5 Tips for New Indie Artists

My dream was to release an album that I composed and wrote by myself. Funny thing - I got super discouraged from day one. I’m a baller on budget so how in the HAIL was I supposed to afford everything and how would I come up with a song out of thin air? How do I add strings when I’ve never picked up a cello in my life? How do I come up with riffs on the guitar when I’m as basic on the guitar as it gets. All I had was my voice and my keys and the discouraging fact that I’ve never written lyrics in my life.

I couldn’t afford to pay thousands of dollars to record a full album, let alone an EP. Instead, I taught myself how to produce, how to edit video, read countless books and blogs, listened to e-books, enrolled in online courses, created a home studio, invested in some tools and just ran with it.

After writing my first album, I came up with 5 Tips for New Indie Artists:

  1. Invest in a home studio. Purchase a DAW (digital audio workstation) like Logic, Studio One, Pro Tools, etc. You can get away with using the free version at the beginning, but that won’t last long! Get yourself a decent mic, stand, pop filter, interface, headphones, etc. I found this YouTube video to be very useful: https://www.youtube.com/watch?v=XLXSqan3Jcs Now don’t get me wrong, if you’re one day able to afford studio time, then I highly recommend it. I still take my finished home-version to a professional studio to get it mixed and mastered. It’s important to understand what the producer is doing in the studio so you can also give some valuable input for the sound you really want.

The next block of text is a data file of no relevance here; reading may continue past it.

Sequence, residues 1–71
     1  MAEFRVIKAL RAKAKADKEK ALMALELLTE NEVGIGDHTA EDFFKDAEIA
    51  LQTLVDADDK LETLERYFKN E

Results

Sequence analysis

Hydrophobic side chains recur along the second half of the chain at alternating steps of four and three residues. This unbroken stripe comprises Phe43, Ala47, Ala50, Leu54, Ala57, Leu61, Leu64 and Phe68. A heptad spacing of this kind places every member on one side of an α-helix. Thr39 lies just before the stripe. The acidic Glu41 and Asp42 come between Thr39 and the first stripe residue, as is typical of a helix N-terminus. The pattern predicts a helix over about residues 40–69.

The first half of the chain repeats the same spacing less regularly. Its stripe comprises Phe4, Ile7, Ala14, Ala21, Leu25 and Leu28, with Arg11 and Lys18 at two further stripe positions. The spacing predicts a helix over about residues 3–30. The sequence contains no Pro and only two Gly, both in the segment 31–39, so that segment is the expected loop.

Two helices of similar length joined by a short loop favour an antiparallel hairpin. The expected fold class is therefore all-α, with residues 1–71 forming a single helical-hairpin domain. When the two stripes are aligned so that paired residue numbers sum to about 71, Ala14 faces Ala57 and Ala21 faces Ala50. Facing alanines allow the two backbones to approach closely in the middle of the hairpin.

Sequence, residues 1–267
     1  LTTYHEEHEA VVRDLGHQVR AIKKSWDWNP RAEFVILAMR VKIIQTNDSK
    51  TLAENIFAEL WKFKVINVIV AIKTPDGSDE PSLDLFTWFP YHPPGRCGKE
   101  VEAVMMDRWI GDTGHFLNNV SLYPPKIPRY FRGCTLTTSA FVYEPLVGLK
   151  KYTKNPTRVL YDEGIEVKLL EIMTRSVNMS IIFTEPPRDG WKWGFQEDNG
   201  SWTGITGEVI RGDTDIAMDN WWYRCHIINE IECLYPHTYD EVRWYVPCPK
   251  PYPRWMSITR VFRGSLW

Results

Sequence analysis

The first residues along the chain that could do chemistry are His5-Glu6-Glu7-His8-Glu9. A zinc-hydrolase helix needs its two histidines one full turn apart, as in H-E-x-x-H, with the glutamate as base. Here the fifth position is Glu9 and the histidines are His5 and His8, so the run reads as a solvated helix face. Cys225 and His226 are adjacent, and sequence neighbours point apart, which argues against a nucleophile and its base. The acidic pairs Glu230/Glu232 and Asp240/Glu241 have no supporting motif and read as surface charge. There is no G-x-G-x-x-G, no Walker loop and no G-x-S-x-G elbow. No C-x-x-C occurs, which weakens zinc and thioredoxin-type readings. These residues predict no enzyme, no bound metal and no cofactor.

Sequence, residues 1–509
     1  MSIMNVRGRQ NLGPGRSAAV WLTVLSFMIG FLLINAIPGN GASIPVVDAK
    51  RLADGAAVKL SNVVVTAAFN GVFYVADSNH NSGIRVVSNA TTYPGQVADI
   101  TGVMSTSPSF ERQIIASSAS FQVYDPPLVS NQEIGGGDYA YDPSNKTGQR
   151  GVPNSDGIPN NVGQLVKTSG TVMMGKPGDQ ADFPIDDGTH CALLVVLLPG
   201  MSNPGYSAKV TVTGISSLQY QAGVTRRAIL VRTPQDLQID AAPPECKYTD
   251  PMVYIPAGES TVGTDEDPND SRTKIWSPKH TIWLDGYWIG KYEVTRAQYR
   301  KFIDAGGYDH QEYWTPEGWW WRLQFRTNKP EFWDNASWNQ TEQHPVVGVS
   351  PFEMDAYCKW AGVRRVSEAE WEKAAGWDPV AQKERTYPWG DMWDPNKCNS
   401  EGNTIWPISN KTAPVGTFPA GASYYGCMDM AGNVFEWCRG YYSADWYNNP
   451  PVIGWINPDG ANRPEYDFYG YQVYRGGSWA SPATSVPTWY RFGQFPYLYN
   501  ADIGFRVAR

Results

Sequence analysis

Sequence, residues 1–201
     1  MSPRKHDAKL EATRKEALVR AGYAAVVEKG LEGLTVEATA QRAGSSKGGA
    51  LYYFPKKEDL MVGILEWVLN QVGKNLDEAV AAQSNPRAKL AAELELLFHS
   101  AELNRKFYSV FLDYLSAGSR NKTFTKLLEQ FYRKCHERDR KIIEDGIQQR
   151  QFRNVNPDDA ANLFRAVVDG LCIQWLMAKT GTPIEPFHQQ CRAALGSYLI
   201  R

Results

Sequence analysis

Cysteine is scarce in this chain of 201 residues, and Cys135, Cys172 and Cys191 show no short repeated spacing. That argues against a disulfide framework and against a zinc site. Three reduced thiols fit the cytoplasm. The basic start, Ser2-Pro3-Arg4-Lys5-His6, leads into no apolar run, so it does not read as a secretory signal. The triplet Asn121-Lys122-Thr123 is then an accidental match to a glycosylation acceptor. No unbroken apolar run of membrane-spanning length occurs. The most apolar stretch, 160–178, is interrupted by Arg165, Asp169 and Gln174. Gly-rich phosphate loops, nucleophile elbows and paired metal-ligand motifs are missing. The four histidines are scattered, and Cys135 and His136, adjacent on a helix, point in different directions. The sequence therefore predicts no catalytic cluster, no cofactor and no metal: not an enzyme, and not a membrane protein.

2. Educate yourself. If you’re like me and don’t have thousands of dollars to spend on recording costs, music school, photographers and videographers then teach yourself the basics. No one is going to give it away for free! Enroll in Udemy courses to learn more about your DAW, take a weekend photography course at your local community college (I still have to do this), read music business books and search your butt off in YouTube videos for the answers. I’ve only scratched the surface but I’ve learned so much this past year. I personally use Logic Pro X because the student package apple was selling came with Final Cut Pro. Here is a great Logic Pro X course on Udemy: https://www.udemy.com/music-production-in-logic-pro-x-course/learn/v4/content

  3. Don’t you dare give up. Starting out from scratch is tough enough as it is, so when you start getting rejection emails from blogs and venues you’re going to want to throw in the towel real quick. When a family member or friend asks you, “your music is great but what’s your real job” you’re going to want to scream or throw a pie in their face. Just last night, I received 5 rejection emails and one ‘maybe’ for press releases. One editor said I didn’t have enough emotion but liked the song while another said that I had tons of emotion but needed to polish my vocals. Everyone has their own taste so don’t take it personally (at least that’s what I try to tell myself haha). Take the feedback with a grain of salt and learn from it if you’re hearing the same thing over and over again. Here’s a great article about 20 successful people who were rejected but got back up again! https://www.scoopwhoop.com/inothernews/famous-people-rejected/#.blyzyg6az Moral of the story, do not give up no matter what. You owe it to yourself to see this thing out.